sup board
SUPing on the shores of Canmore Kananaskis.

Standing Up to the Canmore Kananaskis Weather

Dispatch by Lena Desmond

Photos by Sergio David Spadavecchia

“You should have been here last week. It was a blue bird every day.”

“Wow, you guys really missed out. We haven’t had three days socked in since the floods.”

“You think this is beautiful, you should see the mountains in the sun.”

Our response?

“Yeah, yeah… We know… We’ve heard… That’s what they all say.”

Maybe it’s our nature, or maybe it’s Canmore rubbing off on us, but we weren’t going to let a little rain make us sit still.

When we emerged this morning, again we were greeted by a thick duvet of cloud; but then, sure enough, the Three Sisters, Canmore’s most iconic peaks, looked down coyly on us for an instant before being swept up by another clouded veil.

Everyone here, it seems, runs by the same adage: “You can let the weather run you, or you can run despite the weather.” Rain pattered down harder than it has the last couple of days, but the residents of Canmore soldiered on regardless—and so did we.

It was put perfectly over dinner with our new friend Cara Brock, a Canmore resident, climber, skier and all-around outdoor athlete: “Sometimes you always wish for a rainy day so you can take a day off and rest. I mean, rest is an important part of any training. And so many people in Canmore are in intense training mode most of the time. There’s so much to do here…”

Maybe it’s our nature, or maybe it’s Canmore rubbing off on us, but we weren’t going to let a little rain make us sit still.

Brandon Olsthoorn, a young entrepreneur and owner of Bow Valley SUP, asked us if we’d like to go for a stand-up paddle around the Spray Lakes in Kananakis Country. Of course, we obliged.

SUP board
SUPing in the Bow River Valley.

It was my first time SUPing. I’d first seen someone on a SUP board back in 2011 on Easter Island. I marvelled at that distant silhouette, breaching so gracefully over big waves in a wetsuit. I never thought I’d find myself on a SUP board; in fact, I didn’t think I’d see that strange sport ever again.

And now here we are, in the golden age of SUP. SUP became prolific not just in adventure towns such as Canmore, but city centres and cottage countries alike. It’s a workout, it’s peaceful and it’s a whole new way to play on water. Those are just a few reasons why Brandon took his passion for the sport to a new level by opening his own outfit.

“Try not to fall in,” said Delano, my adventure partner, as we approached the launch point. “But, like, you’re good. Just… you know… in case you do. Just, get back on your board as soon as you can. It’s like eight-minutes-to-hypothermia cold.”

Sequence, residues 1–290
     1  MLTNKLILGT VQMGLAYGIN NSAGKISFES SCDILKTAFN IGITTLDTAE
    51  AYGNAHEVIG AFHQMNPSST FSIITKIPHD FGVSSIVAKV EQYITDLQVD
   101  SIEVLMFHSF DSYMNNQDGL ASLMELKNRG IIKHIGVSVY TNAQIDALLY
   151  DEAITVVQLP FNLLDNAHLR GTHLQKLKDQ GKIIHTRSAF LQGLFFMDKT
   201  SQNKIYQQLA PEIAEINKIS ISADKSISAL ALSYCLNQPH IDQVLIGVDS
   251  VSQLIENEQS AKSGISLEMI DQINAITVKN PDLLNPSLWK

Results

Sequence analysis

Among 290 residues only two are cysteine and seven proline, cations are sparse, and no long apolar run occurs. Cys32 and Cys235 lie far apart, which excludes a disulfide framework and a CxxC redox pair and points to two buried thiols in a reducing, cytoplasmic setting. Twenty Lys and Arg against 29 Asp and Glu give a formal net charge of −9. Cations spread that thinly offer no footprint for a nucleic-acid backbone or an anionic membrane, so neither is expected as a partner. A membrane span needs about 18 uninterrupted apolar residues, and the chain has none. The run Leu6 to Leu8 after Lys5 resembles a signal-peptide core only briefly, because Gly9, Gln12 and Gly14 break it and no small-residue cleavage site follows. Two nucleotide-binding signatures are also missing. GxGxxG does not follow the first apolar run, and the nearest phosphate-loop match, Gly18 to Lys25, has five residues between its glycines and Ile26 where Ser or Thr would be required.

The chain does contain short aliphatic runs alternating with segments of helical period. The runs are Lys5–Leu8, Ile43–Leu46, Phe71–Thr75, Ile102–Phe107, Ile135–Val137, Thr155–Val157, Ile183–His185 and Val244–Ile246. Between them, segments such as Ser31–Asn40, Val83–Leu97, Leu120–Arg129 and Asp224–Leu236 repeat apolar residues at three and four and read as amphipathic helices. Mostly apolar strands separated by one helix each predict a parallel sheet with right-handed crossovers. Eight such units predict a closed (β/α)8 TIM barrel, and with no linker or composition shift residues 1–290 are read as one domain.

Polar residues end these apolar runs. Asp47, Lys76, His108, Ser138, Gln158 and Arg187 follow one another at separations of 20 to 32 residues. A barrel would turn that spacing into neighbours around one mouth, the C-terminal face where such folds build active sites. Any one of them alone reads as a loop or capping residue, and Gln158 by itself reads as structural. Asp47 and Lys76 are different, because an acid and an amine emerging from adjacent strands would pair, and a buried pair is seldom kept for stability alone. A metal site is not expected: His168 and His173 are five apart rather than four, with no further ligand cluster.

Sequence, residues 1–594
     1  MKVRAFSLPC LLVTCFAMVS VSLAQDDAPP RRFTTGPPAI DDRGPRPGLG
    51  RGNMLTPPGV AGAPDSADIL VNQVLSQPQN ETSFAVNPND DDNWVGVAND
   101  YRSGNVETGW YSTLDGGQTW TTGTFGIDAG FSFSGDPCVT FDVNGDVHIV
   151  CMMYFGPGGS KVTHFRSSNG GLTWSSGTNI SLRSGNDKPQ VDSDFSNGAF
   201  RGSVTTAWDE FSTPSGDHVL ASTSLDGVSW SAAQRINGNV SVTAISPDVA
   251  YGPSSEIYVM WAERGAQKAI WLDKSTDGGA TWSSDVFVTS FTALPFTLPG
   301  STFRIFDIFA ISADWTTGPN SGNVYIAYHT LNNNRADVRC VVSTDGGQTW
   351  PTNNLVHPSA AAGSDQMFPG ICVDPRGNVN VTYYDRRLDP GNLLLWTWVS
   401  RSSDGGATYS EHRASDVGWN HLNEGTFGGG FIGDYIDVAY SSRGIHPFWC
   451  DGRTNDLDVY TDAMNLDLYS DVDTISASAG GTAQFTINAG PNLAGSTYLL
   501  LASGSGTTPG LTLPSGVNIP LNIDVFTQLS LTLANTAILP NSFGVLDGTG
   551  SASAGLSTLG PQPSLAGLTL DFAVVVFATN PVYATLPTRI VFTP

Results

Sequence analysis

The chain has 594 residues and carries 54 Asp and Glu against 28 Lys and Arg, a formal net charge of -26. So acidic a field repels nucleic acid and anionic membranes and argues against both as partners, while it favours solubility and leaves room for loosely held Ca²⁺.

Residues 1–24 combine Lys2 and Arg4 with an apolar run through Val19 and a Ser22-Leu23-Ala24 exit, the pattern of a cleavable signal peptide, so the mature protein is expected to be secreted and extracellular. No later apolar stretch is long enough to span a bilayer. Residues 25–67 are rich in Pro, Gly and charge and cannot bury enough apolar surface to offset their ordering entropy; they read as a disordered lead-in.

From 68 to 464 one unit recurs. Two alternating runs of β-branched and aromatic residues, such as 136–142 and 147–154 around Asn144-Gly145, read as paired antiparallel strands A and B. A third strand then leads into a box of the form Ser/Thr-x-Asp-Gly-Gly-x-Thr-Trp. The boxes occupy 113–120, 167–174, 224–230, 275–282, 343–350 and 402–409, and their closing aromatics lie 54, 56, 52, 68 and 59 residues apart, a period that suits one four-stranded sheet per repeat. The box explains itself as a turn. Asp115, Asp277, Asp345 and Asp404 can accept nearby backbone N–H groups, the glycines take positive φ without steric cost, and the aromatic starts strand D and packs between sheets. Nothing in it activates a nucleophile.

“I’ll be fine,” I said, looking out the car window at the cold water as thousands of rain drops broke the mirror of the surrounding mountains. Another weather system had dropped in. As we layered up, I made sure to leave one mid layer behind… you know, just in case.

As I moved toward the mountains, I realized they weren't a mirage—they were real. The mountains appeared. I didn’t even notice the rain had stopped.

From the beach, Brandon and Delano launched confidently. My first few steps into the water weren’t too bad. My toes didn’t freeze—in my mind, that was success. I went to my knees on the tipsy board, as Brandon suggested, just to feel it out. I looked up and saw the two of them skirting brazenly forward, unfazed by the rain or the risk of falling in. Hell, I’m not going to look like a gumby, I thought. So, one foot then the other, I rose up.

Look forward. I remembered Del’s advice, adjusted my paddle and took off. Soon I forgot the cold rain in favour of the sound of paddle breaking water, and my cold toes were forgotten to the rain drops cracking the water and the smooth, silky glide of the paddle board as I directed it forward. The chagrin that I couldn’t see the grand totality of the mountains was replaced by a fascination with what appeared under the water’s surface: ghostly tree branches that extended like old knobby fingers reaching for the surface. As I moved toward the mountains, I realized they weren't a mirage—they were real. The mountains appeared. I didn’t even notice the rain had stopped.

We’ve been lucky to see the village of Canmore and Kananaskis Country in all its forms. Through sun, rain, fog and clouds, with all the things to do here, there’s no rest for lovers of the outdoors. We all agree: we’ll sleep when we’re dead. For now, we just want more. 

If you want to follow our expedition live using #opxCanmore, check us out on social media:


Want to read more? Check out our full expedition to Canmore Kananaskis: 

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